First, install the extension inside Firefox and restart your browser. To explore the available gestures, open the main menu (again, click the three horizontal lines on the top right) and choose Add-ons. Find FireGestures and click the Options button next to it, and you'll find the configuration panel.
Under the Main heading, you can set the trigger button, which is a button you need to hold down while making a mouse gesture. FireGestures' default trigger is the right mouse button, but you can change it if you'd like. Switch to the Mapping pane to see some of the gestures already in place. For example, dragging the mouse straight up or down while holding the trigger button will perform specific actions, such as opening links in new tabs. In the Mapping pane, U means up, D means down, R means right and L means left. And you can add more gestures to the extension's repertoire here.
It may take you some time to get the hang of these gestures. Once you do, you may find that, say, flicking your mouse to the left or right to navigate forwards or backwards feels much more intuitive than having to fish around for toolbar buttons or scroll through right-click menus.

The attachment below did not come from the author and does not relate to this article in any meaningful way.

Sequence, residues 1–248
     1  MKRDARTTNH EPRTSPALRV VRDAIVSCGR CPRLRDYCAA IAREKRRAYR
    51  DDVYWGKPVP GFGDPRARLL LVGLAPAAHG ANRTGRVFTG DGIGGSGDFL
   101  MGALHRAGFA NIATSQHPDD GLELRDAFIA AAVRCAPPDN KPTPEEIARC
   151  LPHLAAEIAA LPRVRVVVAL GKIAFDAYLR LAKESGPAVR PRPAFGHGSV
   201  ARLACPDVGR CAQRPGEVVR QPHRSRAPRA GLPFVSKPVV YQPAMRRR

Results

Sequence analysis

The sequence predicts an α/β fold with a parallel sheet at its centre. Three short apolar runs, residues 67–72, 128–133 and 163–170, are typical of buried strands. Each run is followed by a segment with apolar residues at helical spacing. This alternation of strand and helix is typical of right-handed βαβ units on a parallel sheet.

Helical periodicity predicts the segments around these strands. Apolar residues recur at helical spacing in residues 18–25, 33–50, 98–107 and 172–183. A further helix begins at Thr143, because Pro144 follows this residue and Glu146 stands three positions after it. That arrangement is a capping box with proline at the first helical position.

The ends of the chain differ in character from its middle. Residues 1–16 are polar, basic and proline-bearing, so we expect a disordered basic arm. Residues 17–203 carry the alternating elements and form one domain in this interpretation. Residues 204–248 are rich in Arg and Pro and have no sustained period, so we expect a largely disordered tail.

3. Manage your tabs
Tabs make up the core of your browsing experience—but you don't have to settle for the default options Firefox gives you. An add-on called Tab Mix Plus gives you extra features to play around with, without slowing down the flow of the program. For example, you can activate a setting that will force all clicked links to open up in new tabs, turn new windows into new tabs instead, and automatically close the blank tabs that sometimes appear when you initiate a download.
Install the add-on and then configure it by opening the main Firefox menu and picking Add-ons from the drop-down panel. Click Options next to Tab Mix Plus to see what's available and to set the extension up the way you like it. In addition to the aforementioned settings, you can also set where along the bar new tabs will appear, configure which options will appear when you right-click on a tab, and even switch the tab bar from the top to the bottom of the Firefox window. The extension also lets you open tabs by hovering the mouse over them for a set number of milliseconds. For extra tab-control options, keep reading.
4. Snooze tabs for later
You might be familiar with snoozing your alarm—hitting a button to postpone your wakeup call and sleep for a few extra minutes. Now you can do the same with Firefox tabs, thanks to an official add-on pack known as Test Pilot. (Firefox developers use Test Pilot to experiment with new features that may eventually get added to the stable, public version of the browser.) Snoozing a tab will hide that page until a set time, when it will automatically reappear.